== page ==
It's an accepted reality that gaining CFA charterholder status is absolutely key to managing money in the asset management sector. Most portfolio managers have the coveted 'CFA' after their name and getting through the 900 hours of study required to pass is seen as a badge of honor.
But is there any evidence that it will actually help you land an asset management job? Is it worth all the headaches, hard work and hassle?
“Everybody realizes that it’s a very difficult series of exams to take,” said Deepali Vyas, the head of global markets practice, Americas, at Heidrick & Struggles. “To pass it, it takes a lot of diligence to study and make it through all the levels – passing the CFA shows people that you’re being proactive, taking initiative and that you’re hard-working.”
That all sounds great…but what about the cons?
“The flipside is, not a lot of people care, unfortunately,” Vyas said. “Hiring managers and HR executives don’t say I want someone who has a CFA – I’ve never been specifically asked for that. My husband has a CFA – he’s a smart guy who studied hard and passed all three levels, and he manages money, but if you ask him if the CFA has really helped him in his career, he’ll say ‘Not so much.’”
To see how prevalent the CFA designation is across the asset management industry, we looked at eFinancialCareers resume database, limiting our search to asset managers in North America.
Overall, 30% of asset management professionals working in the Americas have a CFA. Those with zero to three years of experience are on par with that percentage.
Interestingly, professionals with anywhere between three and 10 years of industry experience are above the overall percentage, while people who have worked in asset management for more than 10 years fall below it.
Everyone definitely expresses that it is a nice-to-have credential, but it will not take you out of the running for an investment role because you don’t have a CFA, Vyas said.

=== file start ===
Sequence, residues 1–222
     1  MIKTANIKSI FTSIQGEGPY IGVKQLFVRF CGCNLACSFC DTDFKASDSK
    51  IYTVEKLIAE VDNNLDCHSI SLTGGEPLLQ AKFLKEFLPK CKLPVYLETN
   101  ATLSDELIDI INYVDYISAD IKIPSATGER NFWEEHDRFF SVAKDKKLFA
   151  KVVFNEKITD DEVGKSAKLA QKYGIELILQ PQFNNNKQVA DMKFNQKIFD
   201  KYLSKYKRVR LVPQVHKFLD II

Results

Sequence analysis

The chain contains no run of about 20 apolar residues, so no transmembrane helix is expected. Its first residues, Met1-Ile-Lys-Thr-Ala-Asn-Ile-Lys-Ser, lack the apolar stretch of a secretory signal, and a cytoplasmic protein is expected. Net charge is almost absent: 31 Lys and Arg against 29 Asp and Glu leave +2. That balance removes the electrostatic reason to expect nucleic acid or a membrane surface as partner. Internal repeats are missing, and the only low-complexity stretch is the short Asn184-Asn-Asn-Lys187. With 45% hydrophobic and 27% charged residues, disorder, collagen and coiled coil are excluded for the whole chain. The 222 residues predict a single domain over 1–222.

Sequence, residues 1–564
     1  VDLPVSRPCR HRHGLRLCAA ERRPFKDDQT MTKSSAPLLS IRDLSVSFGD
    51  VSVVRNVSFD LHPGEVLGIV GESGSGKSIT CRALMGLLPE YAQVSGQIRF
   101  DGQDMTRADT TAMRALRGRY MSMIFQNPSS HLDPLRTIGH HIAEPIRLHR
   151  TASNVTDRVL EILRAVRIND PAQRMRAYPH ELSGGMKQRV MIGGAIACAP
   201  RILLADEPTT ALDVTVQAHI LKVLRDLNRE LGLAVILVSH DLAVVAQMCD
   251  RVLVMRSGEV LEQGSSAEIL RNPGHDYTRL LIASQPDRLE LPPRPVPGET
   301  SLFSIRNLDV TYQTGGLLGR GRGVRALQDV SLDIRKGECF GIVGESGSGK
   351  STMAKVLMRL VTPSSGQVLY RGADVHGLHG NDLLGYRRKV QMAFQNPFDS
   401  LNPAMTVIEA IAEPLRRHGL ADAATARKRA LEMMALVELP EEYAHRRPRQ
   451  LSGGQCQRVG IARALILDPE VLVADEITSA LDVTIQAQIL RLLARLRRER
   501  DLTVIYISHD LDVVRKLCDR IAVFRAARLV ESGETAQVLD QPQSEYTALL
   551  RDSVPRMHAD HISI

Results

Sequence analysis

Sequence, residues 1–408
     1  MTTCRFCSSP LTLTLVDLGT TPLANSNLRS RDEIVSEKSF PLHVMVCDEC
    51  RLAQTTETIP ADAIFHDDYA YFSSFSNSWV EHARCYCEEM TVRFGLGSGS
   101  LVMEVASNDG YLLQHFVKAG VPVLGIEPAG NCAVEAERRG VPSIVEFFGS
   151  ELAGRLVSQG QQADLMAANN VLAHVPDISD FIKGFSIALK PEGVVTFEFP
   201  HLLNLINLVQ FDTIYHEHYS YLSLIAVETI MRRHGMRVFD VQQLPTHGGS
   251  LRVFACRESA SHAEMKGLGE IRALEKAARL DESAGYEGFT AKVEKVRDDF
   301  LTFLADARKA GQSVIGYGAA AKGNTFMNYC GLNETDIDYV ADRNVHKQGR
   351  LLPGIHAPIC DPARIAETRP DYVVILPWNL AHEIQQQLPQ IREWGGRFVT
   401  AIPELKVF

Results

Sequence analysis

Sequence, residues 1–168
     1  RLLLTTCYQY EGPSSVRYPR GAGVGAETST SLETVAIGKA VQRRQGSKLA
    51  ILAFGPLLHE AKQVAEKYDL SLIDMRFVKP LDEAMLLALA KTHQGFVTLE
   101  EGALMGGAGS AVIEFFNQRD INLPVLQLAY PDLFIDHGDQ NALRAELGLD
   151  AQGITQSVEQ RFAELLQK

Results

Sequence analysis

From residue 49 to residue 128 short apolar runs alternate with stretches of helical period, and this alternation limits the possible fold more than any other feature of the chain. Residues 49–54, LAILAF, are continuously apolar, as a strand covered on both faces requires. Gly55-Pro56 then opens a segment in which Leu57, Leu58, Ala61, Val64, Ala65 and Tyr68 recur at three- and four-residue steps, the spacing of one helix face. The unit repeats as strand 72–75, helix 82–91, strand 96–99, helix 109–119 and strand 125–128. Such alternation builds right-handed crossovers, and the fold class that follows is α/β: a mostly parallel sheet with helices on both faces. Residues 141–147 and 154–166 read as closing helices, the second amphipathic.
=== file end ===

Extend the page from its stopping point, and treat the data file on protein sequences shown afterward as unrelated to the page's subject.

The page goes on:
“It’s good training, it’s technical and it’s a nice refresher, but it’s not essential.”
Her husband decided to take the CFA exams after working for a few years at a money management firm.
“They encouraged it, while making it clear that it wasn’t necessary, but he decided to do it anyway,” Vyas said.
Especially some of the small-to-mid-sized asset managers with relatively small investment teams encourage early-career-stage employees to get a CFA.
“If other PMs or partners have it, then it’s a good calibration point where everyone’s on the same page and has shown that level of commitment and knowledge,” Vyas said.
Holding a CFA charter might not secure a job in the first place, but it may help distinguish yourself from peers when you’re vying for a raise or promotion.
“If you’ve hit a stall in your career advancement and can’t seem to go beyond that point, a CFA is one of the factors that could help you get over that,” she said.
At the end of the day, one of the arguments in favor of taking the CFA, despite the fact that it isn’t necessarily a prerequisite at most asset management firms, is making yourself a more marketable candidate. For some hiring managers who see those three letters after a candidate’s name and are more inclined to hire that person, perception becomes reality.
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